Monday, June 6, 2011

Lost in Rural Alabama

After a leisurely morning driving around and exploring Livingston, Alabama (where I'll be reporting for TFA duty tomorrow), Mom and I drove to the Birmingham airport to put her on a plane.


There's nothing quite like having your mother abandon you in a strange state to start your new life.

Kidding. I'm not starting my new life yet.

It was a sad morning.

After a long airport lunch and a teary goodbye, I got back in my car and headed back south to Demopolis, my temporary base camp until check-in time. It was supposed to be a two hour drive, but after a week or so of people telling me that I'm pretty good at directions, homegirl got cocky -- and completely lost.

Took me an extra thirty-five minutes to get home.

I ended up on the wrong county road/highway and took a substantial, though scenic, detour through Greensboro, Alabama.

Sadly, it wasn't until I got to Greensboro that I realized something was probably wrong. It all looked the same to me, but I knew we hadn't gone through there on our way to the hotel the night before. So I pulled off at a little hardware store to ask if I was still headed toward Demopolis. The woman laughed.

"Not at all, hon."

I guess I was on a parallel county road/highway to AL-43 (or whatever I wanted) that was growing increasingly less parallel and meandering farther and farther away.

She gave me directions on how to get back on track.


Things I've Learned When Asking for Directions in Rural Alabama:

1. Don't expect cardinal directions. They don't exist out here.

2. Don't expect the person to name any street names either. They may exist, but they're probably only used by the postal service. If you live here, you'll be directed to take a left after the Hale Country Store, which is down low across there a bit, and then take a right at the first light, which'll take you around about a ways and then straight to Demopolis.

3. Follow their directions to the T. When they say go right at the first light, go right at the first light -- even though that particular first light happens to be about seven miles down the road. Don't bloody turn until you get to that light.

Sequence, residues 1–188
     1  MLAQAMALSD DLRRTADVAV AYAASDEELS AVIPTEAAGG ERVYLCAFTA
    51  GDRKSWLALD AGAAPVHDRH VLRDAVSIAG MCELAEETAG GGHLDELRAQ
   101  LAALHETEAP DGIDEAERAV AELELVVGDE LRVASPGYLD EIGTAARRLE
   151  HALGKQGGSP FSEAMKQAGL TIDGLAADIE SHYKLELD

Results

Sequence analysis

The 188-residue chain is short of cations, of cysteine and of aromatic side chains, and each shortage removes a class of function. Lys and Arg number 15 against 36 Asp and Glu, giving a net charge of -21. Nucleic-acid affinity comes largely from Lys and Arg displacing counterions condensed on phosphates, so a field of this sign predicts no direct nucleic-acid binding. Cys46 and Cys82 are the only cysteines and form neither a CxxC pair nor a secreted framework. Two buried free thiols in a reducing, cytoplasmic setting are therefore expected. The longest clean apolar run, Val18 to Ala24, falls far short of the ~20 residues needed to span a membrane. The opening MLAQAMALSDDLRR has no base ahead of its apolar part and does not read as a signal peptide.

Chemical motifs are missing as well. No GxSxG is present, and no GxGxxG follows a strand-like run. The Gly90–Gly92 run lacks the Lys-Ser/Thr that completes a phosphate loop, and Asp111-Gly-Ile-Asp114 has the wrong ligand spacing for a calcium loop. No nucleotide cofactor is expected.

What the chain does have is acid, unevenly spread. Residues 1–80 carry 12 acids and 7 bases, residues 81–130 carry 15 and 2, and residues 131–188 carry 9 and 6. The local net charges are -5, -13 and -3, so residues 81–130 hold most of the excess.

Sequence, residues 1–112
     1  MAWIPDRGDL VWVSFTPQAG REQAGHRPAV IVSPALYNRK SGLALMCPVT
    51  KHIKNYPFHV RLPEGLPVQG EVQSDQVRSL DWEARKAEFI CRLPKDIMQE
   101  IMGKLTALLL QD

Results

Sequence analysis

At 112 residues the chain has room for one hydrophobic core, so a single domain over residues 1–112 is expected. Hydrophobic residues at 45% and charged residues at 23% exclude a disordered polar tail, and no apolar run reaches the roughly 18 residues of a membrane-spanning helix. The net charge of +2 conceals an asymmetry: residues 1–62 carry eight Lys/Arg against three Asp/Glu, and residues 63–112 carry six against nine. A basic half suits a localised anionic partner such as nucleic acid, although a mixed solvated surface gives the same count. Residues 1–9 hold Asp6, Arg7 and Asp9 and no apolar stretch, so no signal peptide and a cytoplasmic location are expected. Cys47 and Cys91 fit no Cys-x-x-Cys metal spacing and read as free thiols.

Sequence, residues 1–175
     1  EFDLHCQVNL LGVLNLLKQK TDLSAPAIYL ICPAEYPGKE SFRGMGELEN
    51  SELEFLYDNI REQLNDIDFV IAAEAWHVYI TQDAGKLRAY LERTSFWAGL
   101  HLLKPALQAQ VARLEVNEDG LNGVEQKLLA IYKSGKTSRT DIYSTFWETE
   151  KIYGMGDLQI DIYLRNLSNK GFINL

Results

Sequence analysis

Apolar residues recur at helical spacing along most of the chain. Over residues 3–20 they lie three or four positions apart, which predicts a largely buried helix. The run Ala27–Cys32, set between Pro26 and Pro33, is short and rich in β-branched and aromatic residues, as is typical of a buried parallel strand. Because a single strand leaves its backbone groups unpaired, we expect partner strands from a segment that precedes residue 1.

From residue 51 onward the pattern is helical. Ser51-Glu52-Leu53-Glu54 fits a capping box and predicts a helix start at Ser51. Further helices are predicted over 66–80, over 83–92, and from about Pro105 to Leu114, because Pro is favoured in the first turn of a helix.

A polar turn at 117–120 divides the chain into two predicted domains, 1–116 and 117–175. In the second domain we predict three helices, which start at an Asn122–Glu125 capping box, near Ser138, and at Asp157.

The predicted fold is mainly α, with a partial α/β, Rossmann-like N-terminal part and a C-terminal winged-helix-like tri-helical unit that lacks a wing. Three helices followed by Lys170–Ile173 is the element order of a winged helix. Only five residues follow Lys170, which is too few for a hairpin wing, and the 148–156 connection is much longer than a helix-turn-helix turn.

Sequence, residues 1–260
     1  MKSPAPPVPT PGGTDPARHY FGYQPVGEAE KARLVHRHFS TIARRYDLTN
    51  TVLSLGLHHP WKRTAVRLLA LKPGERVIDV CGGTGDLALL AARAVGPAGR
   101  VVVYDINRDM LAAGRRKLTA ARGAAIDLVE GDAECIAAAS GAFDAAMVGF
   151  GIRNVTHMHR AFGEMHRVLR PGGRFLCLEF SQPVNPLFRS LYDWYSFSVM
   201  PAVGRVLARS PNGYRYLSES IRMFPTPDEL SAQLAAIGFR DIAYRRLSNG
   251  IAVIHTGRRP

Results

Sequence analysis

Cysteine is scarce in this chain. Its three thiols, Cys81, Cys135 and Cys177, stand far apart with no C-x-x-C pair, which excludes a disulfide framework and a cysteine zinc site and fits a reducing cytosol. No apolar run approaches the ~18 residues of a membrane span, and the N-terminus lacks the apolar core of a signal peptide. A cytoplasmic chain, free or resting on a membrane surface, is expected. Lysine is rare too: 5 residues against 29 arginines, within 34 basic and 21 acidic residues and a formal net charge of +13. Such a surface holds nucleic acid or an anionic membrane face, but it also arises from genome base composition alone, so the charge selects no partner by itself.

4. When in doubt, stop and ask for a second set of directions. The way in which they're told wont change, but the next time you stop, you've probably already completed at least one of the confusing turns, so that's one less confusing instruction for the next person to give you.


So that's what I did. After stopping at the little hardware store, I was completely confused and figured it was best to stop again and ask for a second set of directions. This time I stopped at a large gas station. Seemed like a safe bet. Sure enough, the moment I walked in, this really nice guy asks me if I'm looking for the bathroom.

"Actually, I'm looking for Demopolis."

He grins and points out where to go. Same directions as last time, but much easier to understand. I thank him and get back in my car. Right as I am turning left out of the gas station parking lot, the guy comes out of the store at a sprint, yelling and waving me down.

Apparently getting out of the parking lot going the right way is too much for me.

God bless that guy for sprinting after my car in the dead heat of Alabama summertime to tell me I was headed the wrong direction. Already. Probably saved me at least another half hour of driving.

And sure enough, after following that highway down a ways yonder and then taking a right onto another interstate highway, I finally made my way back into Demopolis city limits. Hallelujah. At least I got a really good view of the countryside around here. It's beautiful, and I'm happy to be spending a couple years of my life here.

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